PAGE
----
8 Times Films
Said “I love you” Better
By Eldrin Veloso
To paraphrase Snow Patrol: these three words are said too much but not enough. Maybe, it’s the way ‘love’ has been used too frequently that it somehow lost its meaning.
Come to think of it, the best way to say “I love you” is being able to say it without using the word itself. These three words can be said to anyone – from best friends to pizza – but it’s nothing compared to a composer who hasn’t written a song for years saying, “I wrote this for you.” From your shared experiences, dynamic personalities, or deep connection, there would be a sweeter way of expressing your feelings than the mainstream four-letter word.
And these 8 movie lines have shown us just that.
The Fault In Our Stars (2014)
Those who weren’t able to relate to the giddiness between Hazel Grace and Augustus’ late night phone call maybe haven’t felt the sweet nonsense of just repeating words while saying goodbye. Who knew a single word such as ‘okay’ can be one of the most romantic lines? For a couple with their own world, this word meant more than expressing love. This was them building a foundation only they can stand on.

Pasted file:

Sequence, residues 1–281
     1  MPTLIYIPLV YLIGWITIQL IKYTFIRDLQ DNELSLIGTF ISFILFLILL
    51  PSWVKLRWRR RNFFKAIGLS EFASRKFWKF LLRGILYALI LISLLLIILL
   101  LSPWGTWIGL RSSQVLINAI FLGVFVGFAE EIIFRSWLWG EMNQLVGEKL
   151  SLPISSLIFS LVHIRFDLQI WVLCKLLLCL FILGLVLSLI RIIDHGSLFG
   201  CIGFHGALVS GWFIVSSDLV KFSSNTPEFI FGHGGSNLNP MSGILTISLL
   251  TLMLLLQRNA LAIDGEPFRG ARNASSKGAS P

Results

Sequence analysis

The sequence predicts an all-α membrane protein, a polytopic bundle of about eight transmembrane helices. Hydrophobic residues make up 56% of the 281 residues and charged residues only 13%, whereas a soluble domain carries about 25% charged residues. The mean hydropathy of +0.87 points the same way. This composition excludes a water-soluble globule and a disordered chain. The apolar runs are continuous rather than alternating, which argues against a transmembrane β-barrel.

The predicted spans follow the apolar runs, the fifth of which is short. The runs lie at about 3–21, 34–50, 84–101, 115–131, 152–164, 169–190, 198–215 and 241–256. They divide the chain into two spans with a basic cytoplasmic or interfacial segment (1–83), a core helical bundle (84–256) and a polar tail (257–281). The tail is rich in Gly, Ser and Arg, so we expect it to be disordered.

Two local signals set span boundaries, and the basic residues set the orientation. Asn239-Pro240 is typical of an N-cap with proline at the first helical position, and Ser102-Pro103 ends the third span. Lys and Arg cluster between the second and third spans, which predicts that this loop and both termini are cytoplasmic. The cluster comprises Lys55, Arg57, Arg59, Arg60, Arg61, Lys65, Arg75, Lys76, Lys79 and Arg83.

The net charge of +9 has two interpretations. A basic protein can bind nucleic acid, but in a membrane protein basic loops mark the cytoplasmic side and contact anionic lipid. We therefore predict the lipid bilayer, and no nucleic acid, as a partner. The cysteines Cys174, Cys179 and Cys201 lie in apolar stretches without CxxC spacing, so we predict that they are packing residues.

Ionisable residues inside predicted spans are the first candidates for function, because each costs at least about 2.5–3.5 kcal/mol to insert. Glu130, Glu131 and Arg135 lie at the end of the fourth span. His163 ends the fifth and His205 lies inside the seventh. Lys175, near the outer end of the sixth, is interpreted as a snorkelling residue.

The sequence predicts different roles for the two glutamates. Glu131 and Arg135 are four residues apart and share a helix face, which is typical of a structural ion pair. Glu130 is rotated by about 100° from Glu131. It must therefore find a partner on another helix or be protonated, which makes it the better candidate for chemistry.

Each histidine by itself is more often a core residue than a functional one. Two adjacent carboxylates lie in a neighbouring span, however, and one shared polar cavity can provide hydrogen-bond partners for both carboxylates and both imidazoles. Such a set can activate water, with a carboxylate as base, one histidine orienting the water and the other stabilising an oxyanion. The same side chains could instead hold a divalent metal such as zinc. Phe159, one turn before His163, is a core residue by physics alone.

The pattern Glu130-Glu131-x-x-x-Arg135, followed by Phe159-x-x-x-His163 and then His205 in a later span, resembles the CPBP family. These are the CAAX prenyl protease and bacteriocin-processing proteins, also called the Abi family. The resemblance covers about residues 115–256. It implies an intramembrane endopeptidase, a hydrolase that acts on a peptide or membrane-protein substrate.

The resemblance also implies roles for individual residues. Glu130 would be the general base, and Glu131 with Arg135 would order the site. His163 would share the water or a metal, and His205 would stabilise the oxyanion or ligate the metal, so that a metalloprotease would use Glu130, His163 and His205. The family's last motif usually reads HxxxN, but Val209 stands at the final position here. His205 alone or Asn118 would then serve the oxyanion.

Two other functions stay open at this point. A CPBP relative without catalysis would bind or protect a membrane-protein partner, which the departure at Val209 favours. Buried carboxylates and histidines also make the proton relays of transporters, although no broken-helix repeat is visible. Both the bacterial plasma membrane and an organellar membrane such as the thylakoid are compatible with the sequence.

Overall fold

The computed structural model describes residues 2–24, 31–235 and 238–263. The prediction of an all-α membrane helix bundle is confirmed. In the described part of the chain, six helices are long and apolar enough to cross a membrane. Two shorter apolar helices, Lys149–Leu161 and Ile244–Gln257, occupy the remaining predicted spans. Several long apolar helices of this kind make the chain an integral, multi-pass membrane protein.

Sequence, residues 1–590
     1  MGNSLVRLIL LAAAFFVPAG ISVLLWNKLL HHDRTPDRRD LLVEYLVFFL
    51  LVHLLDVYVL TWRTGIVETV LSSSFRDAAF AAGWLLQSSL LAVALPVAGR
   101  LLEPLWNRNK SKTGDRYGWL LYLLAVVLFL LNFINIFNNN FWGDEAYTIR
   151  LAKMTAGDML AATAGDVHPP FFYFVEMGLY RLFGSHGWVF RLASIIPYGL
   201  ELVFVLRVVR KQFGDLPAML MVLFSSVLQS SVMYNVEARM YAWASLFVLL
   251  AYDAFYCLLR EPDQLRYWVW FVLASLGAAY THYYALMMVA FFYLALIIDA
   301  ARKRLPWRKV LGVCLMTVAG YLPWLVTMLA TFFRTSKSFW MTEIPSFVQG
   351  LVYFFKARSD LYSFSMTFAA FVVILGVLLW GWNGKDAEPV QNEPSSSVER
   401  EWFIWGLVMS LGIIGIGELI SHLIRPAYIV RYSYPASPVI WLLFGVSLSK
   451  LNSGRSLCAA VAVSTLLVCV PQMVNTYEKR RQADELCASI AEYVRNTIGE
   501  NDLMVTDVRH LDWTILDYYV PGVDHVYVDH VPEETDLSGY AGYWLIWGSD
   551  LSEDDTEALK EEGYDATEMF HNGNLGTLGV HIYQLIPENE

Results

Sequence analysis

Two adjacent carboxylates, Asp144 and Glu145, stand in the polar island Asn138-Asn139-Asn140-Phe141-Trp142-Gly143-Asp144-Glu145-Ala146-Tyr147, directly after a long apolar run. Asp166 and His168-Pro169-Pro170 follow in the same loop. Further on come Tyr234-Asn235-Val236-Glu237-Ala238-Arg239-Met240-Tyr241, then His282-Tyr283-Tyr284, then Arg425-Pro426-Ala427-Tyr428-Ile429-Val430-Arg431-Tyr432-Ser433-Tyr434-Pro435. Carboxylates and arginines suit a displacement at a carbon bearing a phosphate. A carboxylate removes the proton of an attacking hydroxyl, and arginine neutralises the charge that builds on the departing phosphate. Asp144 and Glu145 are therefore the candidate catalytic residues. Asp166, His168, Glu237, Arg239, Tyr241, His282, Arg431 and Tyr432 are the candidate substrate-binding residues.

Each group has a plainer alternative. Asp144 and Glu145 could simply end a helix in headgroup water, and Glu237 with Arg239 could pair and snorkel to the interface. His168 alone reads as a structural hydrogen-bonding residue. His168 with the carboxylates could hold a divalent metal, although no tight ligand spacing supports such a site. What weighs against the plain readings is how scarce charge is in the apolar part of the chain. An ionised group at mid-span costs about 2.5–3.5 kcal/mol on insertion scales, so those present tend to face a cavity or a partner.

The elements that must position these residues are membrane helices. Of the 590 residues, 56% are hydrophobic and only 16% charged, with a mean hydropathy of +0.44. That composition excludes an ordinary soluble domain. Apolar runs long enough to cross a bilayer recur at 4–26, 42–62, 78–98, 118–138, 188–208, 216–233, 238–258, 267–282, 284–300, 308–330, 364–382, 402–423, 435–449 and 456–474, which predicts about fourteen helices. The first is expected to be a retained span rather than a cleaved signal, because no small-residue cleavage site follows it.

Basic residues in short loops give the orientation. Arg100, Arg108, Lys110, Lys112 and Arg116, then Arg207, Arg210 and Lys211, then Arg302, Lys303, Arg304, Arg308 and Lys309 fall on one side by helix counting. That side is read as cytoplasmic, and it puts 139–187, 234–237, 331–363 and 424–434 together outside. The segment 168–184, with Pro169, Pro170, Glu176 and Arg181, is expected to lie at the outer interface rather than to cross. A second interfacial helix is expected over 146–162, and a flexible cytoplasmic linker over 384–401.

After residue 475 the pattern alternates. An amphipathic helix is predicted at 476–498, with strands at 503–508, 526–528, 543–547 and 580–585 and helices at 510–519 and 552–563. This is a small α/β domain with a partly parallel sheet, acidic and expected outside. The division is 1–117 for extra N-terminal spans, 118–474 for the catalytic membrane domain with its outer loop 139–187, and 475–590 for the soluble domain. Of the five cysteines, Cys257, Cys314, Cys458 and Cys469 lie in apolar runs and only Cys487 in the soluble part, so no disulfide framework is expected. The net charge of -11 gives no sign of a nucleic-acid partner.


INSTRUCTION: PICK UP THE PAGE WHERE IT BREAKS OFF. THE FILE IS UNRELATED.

“I luff you, two F’s”
Annie Hall (1977)
Arguably the best Woody Allen film, Annie Hall anatomized a faltering relationship amidst the background of a maturing society. One of the best scenes in the film is when the lead Alvy Singer answered Annie Hall when she had asked if he loves her.
It may have been just a string of nonsense words but knowing him as a complicated and unstable writer made the lines actively plucking the heartstrings of the audience.
“Here’s looking at you, kid”
This proves that timing, character, and writing can make a classic movie. The line, improvised by lead actor Humphrey Bogart, was said twice. First, as an affectionate declaration of feelings from Rick, saying that he’s got his eye on Ilsa. Second, in the final scenes of the film, Rick bade his goodbye to Ilsa before joining the war. He poignantly ended this with the same line, only this time, he was looking at her for the last time.
“It’s a self-preservation…thing”
Love Actually (2003)
There are so many heartwarming lines in this film but this one is particularly underappreciated. Mark was hopelessly in love with Juliet, his best friend Peter’s fiancée. So, he had pretended to dislike her to the point that Peter asked him to be nice to her. And on the wedding day, as if being the best man was not complicated enough, Mark was also assigned as the official videographer.
Sometime after, Juliet visited Mark at his house to finally have a look at the wedding video he kept on postponing. He had Juliet believe that he didn’t like her so she asked him to give her a chance and be friends. Then, when she saw that the wedding video was entirely just her, it finally all made sense. Mark made a petty excuse of an imaginary lunch to avoid the conversation, but not without summing up his feelings and all his past actions towards her in this simple line of admission.